I’m not good at moments of silence. I can’t meditate. I’ve never been capable of clearing my mind of all thoughts. Instead, I think about things like what I’m going to eat next, if the rain will clear out, whether or not I have time to run an errand once the moment is over. I don’t want anyone to know I’m not focusing, so I look down at my hands.
That’s what I thought about today, my hands. As I looked down I noticed how old they looked. I thought about how one might be able to deceive their age with Botox injections and youthful clothes, but hands always give you away. As a kid, I remember thinking my Mother’s hands looked old. Her veins popped like a soft blue circuit board. They looked different from my young hands, no veins popped through. There was no supple, soft skin around each joint. My hands were young. My Mother’s hands were old.
I have my Mother’s hands now. Soft. Loose. Crisscrossed with puffy, blue veins. Old. I think I’m as old as she was when I first noticed her hands.
I’ve noticed this before, the oldness of my hands. But today, for the first time, I was grateful for them.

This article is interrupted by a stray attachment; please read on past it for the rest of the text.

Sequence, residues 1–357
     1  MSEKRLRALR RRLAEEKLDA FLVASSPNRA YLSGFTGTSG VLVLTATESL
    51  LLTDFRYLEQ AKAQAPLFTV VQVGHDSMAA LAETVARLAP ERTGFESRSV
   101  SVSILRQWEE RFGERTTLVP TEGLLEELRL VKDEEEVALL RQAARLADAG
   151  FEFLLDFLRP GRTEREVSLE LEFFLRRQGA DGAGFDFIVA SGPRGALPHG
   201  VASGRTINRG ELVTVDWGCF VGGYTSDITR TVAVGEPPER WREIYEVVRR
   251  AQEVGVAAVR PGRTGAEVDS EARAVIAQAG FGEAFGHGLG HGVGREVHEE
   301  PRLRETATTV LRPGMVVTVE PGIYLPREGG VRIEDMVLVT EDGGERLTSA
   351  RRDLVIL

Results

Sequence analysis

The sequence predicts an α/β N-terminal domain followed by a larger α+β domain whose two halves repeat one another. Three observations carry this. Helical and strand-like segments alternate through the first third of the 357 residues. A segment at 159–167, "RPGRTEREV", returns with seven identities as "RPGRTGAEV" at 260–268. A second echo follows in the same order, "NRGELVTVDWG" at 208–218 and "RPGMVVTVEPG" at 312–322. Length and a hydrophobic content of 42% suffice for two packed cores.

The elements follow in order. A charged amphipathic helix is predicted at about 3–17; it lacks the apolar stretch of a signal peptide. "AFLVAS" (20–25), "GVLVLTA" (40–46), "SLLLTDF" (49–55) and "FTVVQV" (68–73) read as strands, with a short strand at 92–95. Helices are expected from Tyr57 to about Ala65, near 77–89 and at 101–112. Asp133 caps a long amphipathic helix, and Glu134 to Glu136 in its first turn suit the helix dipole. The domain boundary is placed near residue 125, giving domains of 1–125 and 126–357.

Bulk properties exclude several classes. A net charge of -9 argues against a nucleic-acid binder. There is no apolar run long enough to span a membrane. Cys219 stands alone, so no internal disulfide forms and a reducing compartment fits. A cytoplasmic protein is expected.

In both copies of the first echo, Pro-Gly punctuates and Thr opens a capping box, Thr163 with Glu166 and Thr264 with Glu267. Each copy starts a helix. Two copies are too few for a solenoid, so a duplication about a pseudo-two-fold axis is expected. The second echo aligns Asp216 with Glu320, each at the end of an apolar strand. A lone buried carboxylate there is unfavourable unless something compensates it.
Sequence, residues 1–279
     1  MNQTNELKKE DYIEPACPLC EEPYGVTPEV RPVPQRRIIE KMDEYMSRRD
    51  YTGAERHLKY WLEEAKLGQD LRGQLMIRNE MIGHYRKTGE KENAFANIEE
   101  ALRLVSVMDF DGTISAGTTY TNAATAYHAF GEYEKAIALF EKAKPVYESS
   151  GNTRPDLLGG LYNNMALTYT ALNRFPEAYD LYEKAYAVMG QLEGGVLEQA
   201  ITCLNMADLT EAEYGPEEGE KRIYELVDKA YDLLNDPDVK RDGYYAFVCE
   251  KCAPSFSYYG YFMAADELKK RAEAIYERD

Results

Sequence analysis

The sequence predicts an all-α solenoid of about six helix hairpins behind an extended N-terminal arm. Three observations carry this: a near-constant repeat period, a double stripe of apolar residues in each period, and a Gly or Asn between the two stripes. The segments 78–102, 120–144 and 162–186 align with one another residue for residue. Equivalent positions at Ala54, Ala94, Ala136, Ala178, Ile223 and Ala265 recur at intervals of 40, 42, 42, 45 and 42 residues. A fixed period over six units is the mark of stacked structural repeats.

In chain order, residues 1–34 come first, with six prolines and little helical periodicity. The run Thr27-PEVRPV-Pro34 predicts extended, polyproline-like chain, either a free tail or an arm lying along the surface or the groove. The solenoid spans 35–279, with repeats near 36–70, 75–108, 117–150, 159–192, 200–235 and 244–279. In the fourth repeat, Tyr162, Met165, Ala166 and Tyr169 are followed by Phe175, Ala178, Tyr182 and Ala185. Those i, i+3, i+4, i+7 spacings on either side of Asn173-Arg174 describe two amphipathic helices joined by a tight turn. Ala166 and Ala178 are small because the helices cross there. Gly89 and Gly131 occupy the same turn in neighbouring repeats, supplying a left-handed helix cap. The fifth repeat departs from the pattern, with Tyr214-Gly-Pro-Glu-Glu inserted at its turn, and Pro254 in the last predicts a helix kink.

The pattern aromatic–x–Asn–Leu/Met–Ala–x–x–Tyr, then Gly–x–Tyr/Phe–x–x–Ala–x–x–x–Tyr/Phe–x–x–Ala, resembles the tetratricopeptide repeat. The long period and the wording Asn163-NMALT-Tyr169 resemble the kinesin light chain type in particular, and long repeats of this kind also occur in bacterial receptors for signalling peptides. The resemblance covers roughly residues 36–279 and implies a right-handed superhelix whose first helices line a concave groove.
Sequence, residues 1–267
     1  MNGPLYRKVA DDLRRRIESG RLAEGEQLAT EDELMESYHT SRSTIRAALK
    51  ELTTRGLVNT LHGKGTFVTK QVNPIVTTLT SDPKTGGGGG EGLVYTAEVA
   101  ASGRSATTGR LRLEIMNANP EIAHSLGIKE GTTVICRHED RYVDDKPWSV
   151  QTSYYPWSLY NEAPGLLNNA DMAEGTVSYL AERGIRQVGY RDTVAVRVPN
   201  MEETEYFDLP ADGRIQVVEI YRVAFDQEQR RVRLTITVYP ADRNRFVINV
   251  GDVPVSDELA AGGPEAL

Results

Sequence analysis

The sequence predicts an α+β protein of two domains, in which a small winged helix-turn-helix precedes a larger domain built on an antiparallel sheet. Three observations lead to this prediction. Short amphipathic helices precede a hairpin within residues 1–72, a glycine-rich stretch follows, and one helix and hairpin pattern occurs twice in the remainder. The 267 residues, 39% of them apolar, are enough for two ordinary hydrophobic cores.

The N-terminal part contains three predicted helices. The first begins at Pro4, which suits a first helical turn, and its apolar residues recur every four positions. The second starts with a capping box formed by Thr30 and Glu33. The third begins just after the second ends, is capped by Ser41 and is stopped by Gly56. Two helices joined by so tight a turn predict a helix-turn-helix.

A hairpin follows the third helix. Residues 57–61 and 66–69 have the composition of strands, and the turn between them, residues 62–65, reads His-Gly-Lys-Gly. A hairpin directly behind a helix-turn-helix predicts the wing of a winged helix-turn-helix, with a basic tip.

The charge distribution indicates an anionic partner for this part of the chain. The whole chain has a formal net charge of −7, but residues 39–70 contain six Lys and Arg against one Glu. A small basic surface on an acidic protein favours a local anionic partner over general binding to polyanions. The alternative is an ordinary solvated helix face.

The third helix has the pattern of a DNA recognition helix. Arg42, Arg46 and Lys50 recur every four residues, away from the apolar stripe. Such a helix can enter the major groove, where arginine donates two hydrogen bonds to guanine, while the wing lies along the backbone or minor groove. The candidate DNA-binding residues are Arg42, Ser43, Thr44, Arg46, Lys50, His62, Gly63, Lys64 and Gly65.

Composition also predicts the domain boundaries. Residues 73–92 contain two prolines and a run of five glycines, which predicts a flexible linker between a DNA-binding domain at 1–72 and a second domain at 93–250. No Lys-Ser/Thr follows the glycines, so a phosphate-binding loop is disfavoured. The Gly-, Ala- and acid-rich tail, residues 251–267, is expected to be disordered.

Grateful for the chance to have old hands.
You see, the moment of silence today was during a memorial service for an American Soldier.
A fallen Soldier who was born when I was a freshman in high school. Who graduated from his high school and enlisted in the Army the year I turned 35.
Who died a few months shy of his own 23rd birthday.
His life, cut so short that he will never have old hands. The blue, puffy, pulsing veins in his hands will never give away his age when he tries to pretend he is a younger man. He’ll never watch as his newborn baby grasps his finger with his tiny perfect hand. He will never look down one day and realize that he now has his Father’s hands.
He gave all that up. Willingly. Bravely. Selflessly.
And for you.
So that we can each live long enough to have old hands.